The Dutch refer to the winter of 1944 as the “Hongerwinter.” Cut off from food and supplies by the Germans, as many as 20,000 Dutch civilians starved or froze to death. This is the setting for a courageous and readable new book for fourth- to eighth-graders by Rob Currie ex’79.

Kirkus Review describes Hunger Winter as a “gritty but hopeful thriller.” The story follows 13-year-old Dirk and his younger sister, Anna, on a harrowing journey across the Netherlands to reunite with their family. To write an accurate account, Currie read many books, spent three weeks in the Netherlands, and interviewed people who lived through the war.

One of the novel’s main characters is named Lars Joose, after Calvin professor Wayne Joosse ’63. Currie wanted to honor the professor emeritus from the psychology department for the impact he made on his life. “Professor Joosse had a way of affirming students for their contributions to the class that made us want to think harder and have more worthwhile comments to add to the discussion,” Currie said.

As Dirk tries to evade the Nazis, he meets Lars Joosse, a man who encourages him that he will succeed. The traits of encouraging a younger person, along with a gift for poignantly pointing out what’s right, led me to name and model this character after Dr. Wayne Joosse.”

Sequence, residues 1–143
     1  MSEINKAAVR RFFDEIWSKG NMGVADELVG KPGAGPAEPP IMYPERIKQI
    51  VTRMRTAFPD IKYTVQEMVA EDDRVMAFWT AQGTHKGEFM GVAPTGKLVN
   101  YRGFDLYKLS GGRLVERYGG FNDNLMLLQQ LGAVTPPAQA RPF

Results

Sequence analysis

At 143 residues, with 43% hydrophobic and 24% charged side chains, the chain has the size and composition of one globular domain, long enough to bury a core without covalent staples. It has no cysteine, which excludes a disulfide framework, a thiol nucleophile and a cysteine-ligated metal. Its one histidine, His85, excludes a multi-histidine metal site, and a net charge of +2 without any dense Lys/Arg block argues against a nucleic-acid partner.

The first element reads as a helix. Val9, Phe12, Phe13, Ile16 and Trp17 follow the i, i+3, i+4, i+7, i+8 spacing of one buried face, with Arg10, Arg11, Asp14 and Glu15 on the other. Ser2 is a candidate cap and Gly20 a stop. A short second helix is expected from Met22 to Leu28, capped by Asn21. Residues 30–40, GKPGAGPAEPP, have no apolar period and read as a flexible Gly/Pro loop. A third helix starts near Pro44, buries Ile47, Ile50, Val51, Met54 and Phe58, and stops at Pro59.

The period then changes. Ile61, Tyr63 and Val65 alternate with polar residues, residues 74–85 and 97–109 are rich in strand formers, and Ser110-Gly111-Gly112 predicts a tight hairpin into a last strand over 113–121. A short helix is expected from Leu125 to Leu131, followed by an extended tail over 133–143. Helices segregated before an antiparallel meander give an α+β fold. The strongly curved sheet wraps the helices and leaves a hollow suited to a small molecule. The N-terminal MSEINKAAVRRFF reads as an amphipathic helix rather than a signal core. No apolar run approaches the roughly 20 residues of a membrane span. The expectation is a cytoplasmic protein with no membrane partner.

Currie started writing the book when his son dashed off a two-page story in study hall. Currie suggested they continue writing it together. “By the time he lost interest in the project, I was hooked on the story and kept going. We serve a God who used a boy’s lunch of loaves and fish to feed a crowd and who turned my 13-year-old son’s impromptu story into a published book,” Currie said.

In terms of the storyline, I want readers of Hunger Winter to see and feel that whatever difficulty they face, that with prayer and the support of others, they can overcome their adversity,” said Currie, who teaches psychology at Judson University in Elgin, Illinois.